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January 14, 2021

Senate strategy

Opinion

January 14, 2021

Since the formation of the political alliance called the PDM by the opposition, which unites most opposition parties under its banner – except the Jamaat-e-Islami and the Sindhi nationalists – there is talk that the alliance has been formed to stop the PTI from gaining majority in the Senate.

It seems that most analysts and columnists who are writing on the issue have not done proper homework, though. Here I will try to present some facts and figures to prove that the ruling party will not gain majority in the upper house of parliament in the face of a joint strategy by the opposition to contest elections collectively.

The Senate is made of 23 members from each of the four provinces, regardless of population; four from the federal capital, for which the National Assembly is the Electoral College and eight members from Fata for whom Fata MNAs vote. However, with the merger of Fata no elections will be held on these four seats, which will be vacated by the retirement of the Fata senators.

Out of the 23 members of the Senate allocated to each province, 14 seats are categorized as general seats while four each are reserved for women and technocrats (including Ulema) while one is for minorities. At present, the Senate has 102 members. 23 each from Sindh and Khyber Pakhtunkhwa, 22 each from Punjab and Balochistan, four from the federal capital and eight from Fata (this is as per the official website of the Senate of Pakistan).

According to the Senate website, at the moment 15 senators belong to the PML-N, 19 to the PPP, 15 to the PTI, five to the MQM, four each are from the JUI-F and NP, three each from BAP and PkMAP, two from the JI, while the PML-F, ANP and BNP-M have one senator each. According to the website, 29 senators are independents out of which the majority belongs to the PML-N, whose symbols were withdrawn due to a court decision. The PML-N’s 15, PPP and PTI’s seven, Independents six (which include four from former Fata), MQM’s four, BAP’s three, JUI-F, PkMAP and NP’s two each, and the JI and BNP-M one each are among the senators who will be retiring on the 11th of March after completing six years.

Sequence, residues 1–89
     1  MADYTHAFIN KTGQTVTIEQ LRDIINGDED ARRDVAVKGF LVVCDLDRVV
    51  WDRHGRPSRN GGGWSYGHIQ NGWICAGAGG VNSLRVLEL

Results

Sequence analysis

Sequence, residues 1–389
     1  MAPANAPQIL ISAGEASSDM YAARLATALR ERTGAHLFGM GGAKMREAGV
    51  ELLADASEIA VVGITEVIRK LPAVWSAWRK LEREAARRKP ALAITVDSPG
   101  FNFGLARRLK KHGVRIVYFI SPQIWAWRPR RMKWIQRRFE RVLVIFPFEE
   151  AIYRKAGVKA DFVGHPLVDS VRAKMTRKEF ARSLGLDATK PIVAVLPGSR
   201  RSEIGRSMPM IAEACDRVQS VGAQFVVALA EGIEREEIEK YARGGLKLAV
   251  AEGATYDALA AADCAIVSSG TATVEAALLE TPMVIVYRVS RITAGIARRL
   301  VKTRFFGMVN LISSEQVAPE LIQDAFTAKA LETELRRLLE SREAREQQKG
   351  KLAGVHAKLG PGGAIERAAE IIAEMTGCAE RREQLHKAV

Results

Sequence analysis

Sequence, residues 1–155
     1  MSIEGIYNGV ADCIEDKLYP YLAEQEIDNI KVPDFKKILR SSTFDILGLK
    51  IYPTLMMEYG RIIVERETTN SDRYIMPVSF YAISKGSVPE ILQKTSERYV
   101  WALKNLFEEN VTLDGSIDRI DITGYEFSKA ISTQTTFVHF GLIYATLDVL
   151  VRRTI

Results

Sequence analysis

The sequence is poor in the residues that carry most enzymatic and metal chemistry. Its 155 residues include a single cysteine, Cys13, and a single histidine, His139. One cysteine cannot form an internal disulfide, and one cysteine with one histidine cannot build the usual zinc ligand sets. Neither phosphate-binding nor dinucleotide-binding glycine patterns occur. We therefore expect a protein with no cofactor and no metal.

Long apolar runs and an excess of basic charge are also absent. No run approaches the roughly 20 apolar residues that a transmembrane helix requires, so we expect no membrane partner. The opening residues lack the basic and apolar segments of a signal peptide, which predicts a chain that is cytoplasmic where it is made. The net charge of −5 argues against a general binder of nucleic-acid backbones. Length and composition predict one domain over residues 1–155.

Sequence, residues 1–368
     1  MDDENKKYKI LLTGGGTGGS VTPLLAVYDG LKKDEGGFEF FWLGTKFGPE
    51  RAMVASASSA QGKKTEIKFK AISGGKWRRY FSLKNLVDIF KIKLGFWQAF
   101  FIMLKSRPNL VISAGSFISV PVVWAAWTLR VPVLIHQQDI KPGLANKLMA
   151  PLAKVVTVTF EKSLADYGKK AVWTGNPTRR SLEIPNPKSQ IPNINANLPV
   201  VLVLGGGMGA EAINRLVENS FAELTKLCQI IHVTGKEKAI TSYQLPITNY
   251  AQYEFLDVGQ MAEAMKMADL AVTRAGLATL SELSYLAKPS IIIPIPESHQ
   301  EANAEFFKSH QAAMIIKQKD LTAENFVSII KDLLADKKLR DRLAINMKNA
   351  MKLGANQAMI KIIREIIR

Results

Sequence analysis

Elections for at least 48 seats for the Senate will be held between February 11 and March 2021. In Punjab, the PTI has 181 members so it can easily win 6-7 seats out of the 11 while 4-5 may go to the PMLN with the help of seven MPAs of the PPP and four independents.

In Sindh, the PPP with 96 MPAs will attempt to win 8-9 out of 11 Senate seats due to its experience in this regard and possible conflict in the opposition ranks. But if the opposition in Sindh (PTI, MQM, GDA) field joint candidates they can restrict the PPP to 6-7 seats. In KP, the ruling PTI has a commanding majority, therefore it can win 8-9 seats while the opposition can win two seats jointly. In Balochistan, BAP may get 4-5 seats, the PTI one and the rest may go to opposition again if they contest jointly, because in Balochistan the ANP is in the ruling coalition. Two seats of the federal capital will be won by the PTI, but there is a hidden fear of defection amid secret ballots in the ruling party; if its fears prove correct, it may lose both federal seats.

The PTI will emerge as the single largest party in the Senate, with 30-32 senators, while its allied parties may bag eight seats. With four Fata independent senators and two independents from Balochistan, the total number of senators from the treasury benches would be 46, while the rest may go with the opposition parties.

The above situation is possible if the opposition parties contest Senate elections jointly by supporting each other. For example, the PPP must support the PML-N in Punjab, while both the PPP and the PML-N could support the ANP and JUI-F in KP, and the ANP and PML-N could help the JUI-F and BNP-M in Balochistan. By doing this, they can deprive 2-3 seats to the ruling coalition. Unity within the opposition alliance can foil the regime’s attempts to roll back constitutional steps made through the 18th Amendment, particularly those related to the NFC Award.

To a distant spectator like me, the emphasis on resignations from assemblies before the Senate elections seemed to have been to facilitate some behind-the-scenes maneuvering to achieve certain outcomes.

The writer is a freelance contributor.